How the Design Review Board Urban Panel has shaped downtown Greenville

Aerial photography by Pro Bros Productions

The aesthetic of Greenville’s celebrated downtown is no accident.

The massing of buildings, block patterns, pedestrian-only streets, green areas, the materials and colors used on new construction and renovations — each element since the 2000 Design Guidelines for the C-4 Central Business District were created has been approved by the City of Greenville Design Review Board Urban Panel before it existed outside of a rendering or architectural drawing.

The exterior designs of residential and commercial projects in the C-4 district (CBD) and the West End Preservation Overlay District, from drive-thru ATM awnings to 800-unit apartment buildings, must be approved by the five-member, volunteer panel before the projects get underway. And for the DRB panelists, the responsibility of approving, recommending changes, or denying the applications is not taken lightly. In essence, they are the gatekeepers for what Greenville will look like in the future.

“My first priority is to assure that the project abides by the design guidelines, first and foremost,” says DRB Urban Panel chairwoman Carmella Cioffi, a licensed architect with 25 years of experience. “Secondly, as a design professional and a resident of the City, to evaluate what I see and give my opinion, based on my professional training and experience, as to how a design can respect Greenville’s rich architectural history, while, at the same time, looking forward to the future of Greenville. We are very lucky to have a wide range of expertise on the board, architects, artists, developers, and preservationists.  With this mix of experience I feel that we have a great chance of doing our part to help the City continue to move forward while respecting and preserving our past.”

The visual appearance of the Link Apartments at the corner of River and Rhett streets as they were proposed in August 2014 motivated West End resident Danielle Fontaine to speak at the monthly public hearing of the DRB. As a result of her input and many others’, changes to the project were made specifically on the Rhett Street side, opening the street-level units up to the sidewalk and adjusting some of the step-backs in the balconies to create more visual interest than a solid wall.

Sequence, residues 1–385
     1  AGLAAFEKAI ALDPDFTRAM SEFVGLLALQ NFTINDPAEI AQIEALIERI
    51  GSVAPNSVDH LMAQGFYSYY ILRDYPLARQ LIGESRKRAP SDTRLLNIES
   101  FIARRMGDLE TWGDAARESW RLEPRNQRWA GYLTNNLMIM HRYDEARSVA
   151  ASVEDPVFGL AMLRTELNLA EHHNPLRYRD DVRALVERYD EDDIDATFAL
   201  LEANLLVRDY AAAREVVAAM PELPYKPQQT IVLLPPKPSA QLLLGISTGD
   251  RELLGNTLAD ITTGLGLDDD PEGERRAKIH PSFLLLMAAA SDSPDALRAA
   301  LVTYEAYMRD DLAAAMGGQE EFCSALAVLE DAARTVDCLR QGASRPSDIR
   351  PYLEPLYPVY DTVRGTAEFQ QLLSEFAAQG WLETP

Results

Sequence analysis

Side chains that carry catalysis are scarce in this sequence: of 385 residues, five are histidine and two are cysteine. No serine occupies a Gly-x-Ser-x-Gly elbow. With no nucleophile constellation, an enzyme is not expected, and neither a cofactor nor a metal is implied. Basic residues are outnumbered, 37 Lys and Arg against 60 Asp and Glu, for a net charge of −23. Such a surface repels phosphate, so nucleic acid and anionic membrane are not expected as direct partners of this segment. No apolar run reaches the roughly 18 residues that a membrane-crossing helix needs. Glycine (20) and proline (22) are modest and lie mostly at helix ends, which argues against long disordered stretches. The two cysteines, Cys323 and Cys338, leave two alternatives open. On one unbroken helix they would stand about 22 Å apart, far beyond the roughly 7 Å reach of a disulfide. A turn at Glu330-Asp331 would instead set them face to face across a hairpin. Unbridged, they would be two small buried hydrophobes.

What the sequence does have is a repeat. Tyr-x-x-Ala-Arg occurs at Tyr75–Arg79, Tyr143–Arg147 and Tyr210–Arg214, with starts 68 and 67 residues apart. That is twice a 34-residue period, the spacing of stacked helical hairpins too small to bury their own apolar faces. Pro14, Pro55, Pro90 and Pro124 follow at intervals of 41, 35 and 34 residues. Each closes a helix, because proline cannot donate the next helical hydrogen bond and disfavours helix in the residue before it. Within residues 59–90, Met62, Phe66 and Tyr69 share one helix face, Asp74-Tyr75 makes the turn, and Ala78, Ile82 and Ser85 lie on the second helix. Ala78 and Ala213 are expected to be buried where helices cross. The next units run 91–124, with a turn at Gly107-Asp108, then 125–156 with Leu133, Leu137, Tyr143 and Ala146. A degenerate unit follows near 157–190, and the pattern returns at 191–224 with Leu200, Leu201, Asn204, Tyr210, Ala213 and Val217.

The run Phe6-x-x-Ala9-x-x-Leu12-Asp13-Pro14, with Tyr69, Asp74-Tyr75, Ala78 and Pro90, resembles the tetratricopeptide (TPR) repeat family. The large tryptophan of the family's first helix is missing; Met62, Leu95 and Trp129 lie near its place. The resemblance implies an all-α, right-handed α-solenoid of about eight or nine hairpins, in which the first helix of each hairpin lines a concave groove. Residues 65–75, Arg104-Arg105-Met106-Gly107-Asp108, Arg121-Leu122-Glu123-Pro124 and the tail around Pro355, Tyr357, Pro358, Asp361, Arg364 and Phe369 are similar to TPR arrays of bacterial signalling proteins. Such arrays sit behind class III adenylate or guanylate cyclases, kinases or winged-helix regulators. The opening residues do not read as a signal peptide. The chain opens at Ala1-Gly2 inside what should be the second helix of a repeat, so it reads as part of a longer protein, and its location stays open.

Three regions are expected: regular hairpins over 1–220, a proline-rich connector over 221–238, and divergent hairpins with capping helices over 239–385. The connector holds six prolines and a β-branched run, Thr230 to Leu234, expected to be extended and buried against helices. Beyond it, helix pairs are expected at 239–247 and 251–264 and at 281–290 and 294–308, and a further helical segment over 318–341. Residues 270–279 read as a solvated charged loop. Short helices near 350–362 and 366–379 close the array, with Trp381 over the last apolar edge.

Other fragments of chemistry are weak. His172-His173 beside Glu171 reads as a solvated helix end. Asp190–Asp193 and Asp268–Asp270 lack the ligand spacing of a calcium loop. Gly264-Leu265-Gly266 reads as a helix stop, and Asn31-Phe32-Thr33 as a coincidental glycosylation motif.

And Fontaine continued to attend meetings, giving her opinion on the applications presented from the standpoint of a visual artist and one who’d previously lived in various cities around the world and studied architecture in Montreal. She eventually was invited to join the panel.

“I knew what I was getting into,” she says.

Fontaine says she remembers early on in her tenure of almost three years on the panel that many of the multifamily projects that have now been built around Academy Street were presented for initial approval but looked more suburban, like something that might be built on Pelham Road.

“They didn’t have the city feel, and that was one of the things early on that we had to remind people of,” she says. “This is the city. We’re trying to get an urban feel to Greenville, and our architecture needs to reflect that.”

Of course, there are exceptions to every rule, she says.

The Grand Bohemian Hotel project, for instance, was first presented to the panel with a design inspired entirely by national park architecture. And while the hotel, planned to break ground this spring, sits on Falls Park on the Reedy, it is also situated in the middle of the city.

The compromise, which has been a process over the past two years, was to allow the architect to keep the romantic, rustic feel that would contrast with many of the other nearby modern hotel projects while streamlining the shapes and changing the materials to give it a more modern appeal.

“You know that there’s a demand for that kind of more romantic architecture, but you know that it has to fit in town also,” Fontaine says.

Which brings up one of the more complicated aspects of sitting on the DRB and trying to assess whether projects meet the written guidelines:

“You can have all the guidelines in the world,” Fontaine says, “but every site is different, and you have to take into consideration unique aspects of the site also.”

Determining the appropriateness of a design for each unique location requires the panelists to compare the project with the guidelines, and then look at the surrounding buildings, the walkable areas nearby, and the practicality of the proposed materials, for instance. Often the panel will request to see physical samples of the construction materials before approving their usage.